Movie Review: Can You Ever Forgive Me?
Director: Marielle Heller
by Jason Koenigsberg
Deviating from her usual routine of absurd comedic roles, Melissa McCarthy stretches her dramatic talents in a terrific performance of an unlikeable and unsavory character in Can You Ever Forgive Me?. This is a showcase for Ms. McCarthy to cross genre’s and earn acclaim for the acting chops she always had but seldom demonstrates because she is one of the highest paid actresses in Hollywood making the same types of comedies. She plays Lee Israel, a writer/biographer who has fallen out of step with current tastes in literature and struggles to get her newest work written and published. So instead she turns her writing ability into creating forgeries of letters from deceased celebrities. It is a true story about a loathsome person with a lot of heart and Melissa McCarthy makes her character sympathetic when she should be despised.
The opening tells us we are in New York City in 1991 as we hear the sound of ice in a rocks glass. The first shot is of McCarthy as Lee Israel drinking scotch from the rocks glass, at this moment the audience learns she is an obvious alcoholic and this is an affliction that will plague her character throughout this movie. She loses her job in the first scene because of her drinking and now has to make ends meet. With no help from her agent (Jane Curtin) and through a series of coincidences learns that she has a knack for creating forgeries of letters. As the story develops to do her forgery skills and her penchant for getting away with her crimes to pay her rent and make ends meet starts to get carried away to the logical conclusion that it will catch up with her. Some of the best parts of Can You Ever Forgive Me? are the small scenes that illustrate her character as a lonely, sad washed-up has-been with little to no regard for other people. She loves her cat more than she loves any human. Eventually, Lee Israel connects with Jack Hock (played sublimely by Richard E. Grant) an alcoholic, gay, British drifter wandering/sleeping with men through Manhattan and he becomes her affable drinking buddy and partner in crime. He is her closest relationship we see in the film and even there she has immense disdain for him as she belittles him.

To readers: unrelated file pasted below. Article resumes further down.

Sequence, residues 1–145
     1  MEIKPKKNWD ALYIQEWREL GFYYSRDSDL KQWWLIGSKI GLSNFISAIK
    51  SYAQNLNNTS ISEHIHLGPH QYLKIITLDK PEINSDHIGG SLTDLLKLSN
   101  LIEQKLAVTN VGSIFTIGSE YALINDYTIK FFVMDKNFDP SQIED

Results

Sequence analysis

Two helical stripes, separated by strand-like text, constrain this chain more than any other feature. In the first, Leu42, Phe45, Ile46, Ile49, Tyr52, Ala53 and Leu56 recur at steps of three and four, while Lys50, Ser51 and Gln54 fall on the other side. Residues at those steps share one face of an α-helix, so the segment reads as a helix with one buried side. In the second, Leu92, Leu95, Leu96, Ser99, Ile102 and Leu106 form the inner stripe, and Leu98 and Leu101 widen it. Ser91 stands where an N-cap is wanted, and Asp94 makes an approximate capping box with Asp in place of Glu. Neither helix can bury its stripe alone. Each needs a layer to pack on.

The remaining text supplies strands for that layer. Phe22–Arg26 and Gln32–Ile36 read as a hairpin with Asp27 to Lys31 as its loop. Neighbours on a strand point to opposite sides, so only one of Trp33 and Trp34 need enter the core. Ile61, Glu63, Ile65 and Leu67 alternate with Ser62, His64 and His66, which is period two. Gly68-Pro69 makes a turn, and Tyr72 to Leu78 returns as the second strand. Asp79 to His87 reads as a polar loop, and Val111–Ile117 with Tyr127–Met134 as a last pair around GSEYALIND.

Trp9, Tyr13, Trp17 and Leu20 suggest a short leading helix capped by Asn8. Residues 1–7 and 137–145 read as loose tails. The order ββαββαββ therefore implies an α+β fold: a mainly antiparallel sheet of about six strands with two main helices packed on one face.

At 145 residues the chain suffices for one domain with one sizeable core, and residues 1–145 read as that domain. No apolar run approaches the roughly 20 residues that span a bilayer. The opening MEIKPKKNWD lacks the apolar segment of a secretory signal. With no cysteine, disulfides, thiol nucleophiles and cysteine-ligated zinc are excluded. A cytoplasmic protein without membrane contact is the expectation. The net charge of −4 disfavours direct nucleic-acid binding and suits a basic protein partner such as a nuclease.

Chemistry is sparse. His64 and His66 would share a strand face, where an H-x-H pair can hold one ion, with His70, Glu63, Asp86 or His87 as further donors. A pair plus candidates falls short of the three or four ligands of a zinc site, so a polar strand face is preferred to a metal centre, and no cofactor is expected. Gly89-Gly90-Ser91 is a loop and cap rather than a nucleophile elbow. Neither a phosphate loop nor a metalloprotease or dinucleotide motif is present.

The smooth jazz score as she walks around the city and types on her various typewriters compliment the images eloquently. The viewer will be entranced even as they are watching an unattractive person simply going about their mundane life. The struggles she faces are relatable and that makes Lee Israel a more empathetic character than she should be. The other main reason is that Melissa McCarthy really delivers a knockout performance. She makes one of the most engaging degenerate losers someone to be easily emotionally vested in. Her subtle mannerisms the way she displays a conscience even as she sells her first few forged letters to an excited buyer, we can see on her face the guilt and disbelief that she is fooling a stranger that means well and pays her adequately. Melissa McCarthy’s face and trembles in her voice have never communicated so much with so little dialogue. She has played loudmouths before and certainly has some very brash moments in Can You Ever Forgive Me? but never as calmly unnerving as she has here.
Sure the movie is not perfect. There are a few edits with conversations with shot-reverse-shots that do not match up. Those continuity errors are slightly annoying especially when they happen more than once. Plus, the final monologue that Melissa McCarthy gives before a judge felt too contrived and unnatural. But these are small qualms of an otherwise terrific film anchored by an outstanding performance from a comedic actress showing the world that she is a lot more than just a clown meant to amuse us, but also an artist with a lot of depth and hopefully a lot more to give. This is a long way from Melissa McCarthy’s Academy Award-nominated breakout role in Bridesmaids (2011). Can You Ever Forgive Me? is an easy film to recommend and one that makes an unsympathetic loner one of the most relatable characters in a movie this year.